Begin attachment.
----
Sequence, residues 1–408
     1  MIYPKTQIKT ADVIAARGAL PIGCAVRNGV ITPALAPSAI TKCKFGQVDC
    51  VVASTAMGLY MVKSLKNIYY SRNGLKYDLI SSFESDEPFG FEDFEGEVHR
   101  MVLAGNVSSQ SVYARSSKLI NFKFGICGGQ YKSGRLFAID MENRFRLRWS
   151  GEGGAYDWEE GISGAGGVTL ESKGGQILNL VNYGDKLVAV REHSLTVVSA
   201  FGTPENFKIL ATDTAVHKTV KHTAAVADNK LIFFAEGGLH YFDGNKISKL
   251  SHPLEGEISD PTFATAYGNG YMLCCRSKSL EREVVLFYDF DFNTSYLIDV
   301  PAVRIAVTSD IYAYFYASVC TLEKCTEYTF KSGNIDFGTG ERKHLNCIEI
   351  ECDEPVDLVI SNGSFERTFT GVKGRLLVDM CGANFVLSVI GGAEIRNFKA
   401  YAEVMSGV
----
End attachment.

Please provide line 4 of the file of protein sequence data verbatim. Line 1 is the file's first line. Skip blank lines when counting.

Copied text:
   101  MVLAGNVSSQ SVYARSSKLI NFKFGICGGQ YKSGRLFAID MENRFRLRWS